Let’s Wel­come Chil­dren to U.S. Dres­sage Shows

Spark­ing in­ter­est in youth is crit­i­cal to en­sur­ing the fu­ture of the sport.

Dressage Today - - Viewpoint - By Klaus Scheng­ber

In Europe dres­sage shows are fam­ily af­fairs. Young chil­dren, whether they are com­pet­ing or not, are wel­come at all events. Child-friendly ac­tiv­i­ties can be found around the show grounds with chil­dren play­ing and, yes, mak­ing noise with smil­ing adults. Con­trast that with U.S. shows. There are very few chil­dren and those who are there are buried in their elec­tronic de­vices. Loud chil­dren of­ten get scowls in­stead of smiles with their par­ents try­ing to quiet them through­out the show. In­stead of leav­ing ea­ger to re­turn to a show (or bet­ter yet, to ride in a show), they go home with an un­der­stand­ably neg­a­tive feel­ing. We need to change that.

There have been im­por­tant ef­forts to in­clude chil­dren in the sport. Peo­ple like or­ga­ni­za­tion Dres­sage4Kids (D4K). Orig­i­nally just the name of a web­site, D4K has blos­somed into a full-fledged non­profit, op­er­at­ing the YDF, the Week­end Ed­u­ca­tional Pro­gram, pony-only clin­ics and the East Coast Dres­sage Pony Cup while trans­form­ing the pro­ceeds from th­ese func­tions into valu­able schol­ar­ships for as­pir­ing dres­sage rid­ers.

The FEI has in­tro­duced a new sec­tion at the in­ter­na­tional level for kids un­der 14, called Chil­dren on Horses. And the USDF of­fers an eq­ui­tation pyra­mid in the USDF Train­ing Man­ual that pro­vides a guide for rider’s de­vel­op­ment from be­gin­ner to ad­vanced. The USEF Na­tional Young Adult Brentina Cup dres­sage pro­gram was de­signed to help Young Rid­ers be­come suc­cess­ful Grand Prix com­peti­tors.

In my opin­ion, th­ese are all won­der­ful and nec­es­sary ef­forts. But it sim­ply doesn’t start early enough, and de­spite th­ese pro­grams and the train­ing, chil­dren re­main un­der­rep­re­sented at U.S. horse shows. I’m not talking nec­es­sar­ily about com­peti­tors but rather younger at­ten­dees. Why don’t they come? Be­cause it’s not fun, and when chil­dren are bored, par­ents take the blame.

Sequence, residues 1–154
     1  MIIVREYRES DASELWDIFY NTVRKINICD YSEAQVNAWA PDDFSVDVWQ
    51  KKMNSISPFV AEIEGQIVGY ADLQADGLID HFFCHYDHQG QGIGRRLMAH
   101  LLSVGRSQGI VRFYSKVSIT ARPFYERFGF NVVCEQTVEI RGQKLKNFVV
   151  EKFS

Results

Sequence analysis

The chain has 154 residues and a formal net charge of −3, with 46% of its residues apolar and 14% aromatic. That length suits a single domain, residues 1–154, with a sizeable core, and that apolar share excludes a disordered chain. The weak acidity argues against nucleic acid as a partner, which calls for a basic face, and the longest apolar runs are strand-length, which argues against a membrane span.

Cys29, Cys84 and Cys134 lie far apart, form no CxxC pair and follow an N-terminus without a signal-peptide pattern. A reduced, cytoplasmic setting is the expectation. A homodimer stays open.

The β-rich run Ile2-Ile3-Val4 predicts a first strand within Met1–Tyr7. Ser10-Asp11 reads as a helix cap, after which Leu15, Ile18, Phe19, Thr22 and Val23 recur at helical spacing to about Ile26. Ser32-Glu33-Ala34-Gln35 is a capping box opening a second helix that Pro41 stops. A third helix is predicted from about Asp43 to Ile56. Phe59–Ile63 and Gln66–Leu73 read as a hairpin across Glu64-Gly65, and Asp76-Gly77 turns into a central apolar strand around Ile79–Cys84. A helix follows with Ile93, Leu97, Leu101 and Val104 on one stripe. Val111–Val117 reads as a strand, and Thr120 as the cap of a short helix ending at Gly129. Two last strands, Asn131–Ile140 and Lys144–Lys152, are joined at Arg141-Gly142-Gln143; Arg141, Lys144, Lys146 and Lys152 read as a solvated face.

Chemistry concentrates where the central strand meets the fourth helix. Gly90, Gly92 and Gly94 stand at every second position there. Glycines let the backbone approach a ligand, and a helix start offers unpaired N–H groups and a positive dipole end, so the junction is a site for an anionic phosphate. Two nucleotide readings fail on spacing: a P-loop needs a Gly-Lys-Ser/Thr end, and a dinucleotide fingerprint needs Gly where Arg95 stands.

I have found other top rid­ers who seem to share this sen­ti­ment with me. Lau­ren Sam­mis, a two-time U.S. dres­sage team medal­ist who earned team gold and in­di­vid­ual sil­ver at the Pan Am Games in 2007 and is a USDF gold, sil­ver and bronze medal­ist, was asked how she could con­tinue rid­ing with chil­dren. Han­nah Salazar, owner and head trainer at Zaragoza Acres and mother of two boys, and Ulla Parker, an FEI trainer/ rider, USDF bronze and sil­ver medal­ist and cer­ti­fied mas­ter Bere­iter, agreed that there is a stigma at­tached to bring­ing chil­dren to a dres­sage show in the U.S. “I choose not to bring my chil­dren. It’s not a wel­com­ing en­vi­ron­ment,” said Salazar.

Th­ese com­ments are rep­re­sen­ta­tive of what I have heard over the years:

• "Grow­ing up in Europe, I was used to hav­ing kids in­volved."

• "Shows are louder in Europe, it's not a li­brary. Kids can be kids."

• "You are al­most looked down upon if you have the au­dac­ity to bring a child to a dres­sage show in the U.S."

• "Why can't we have a des­ig­nated area [for chil­dren] and make it fun! How is the sport go­ing to sur­vive if we can't bring chil­dren? In Europe, it's a fam­ily af­fair. When chil­dren make noise (as they of­ten do), they don't get yelled at.

A lit­tle tol­er­ance would be nice."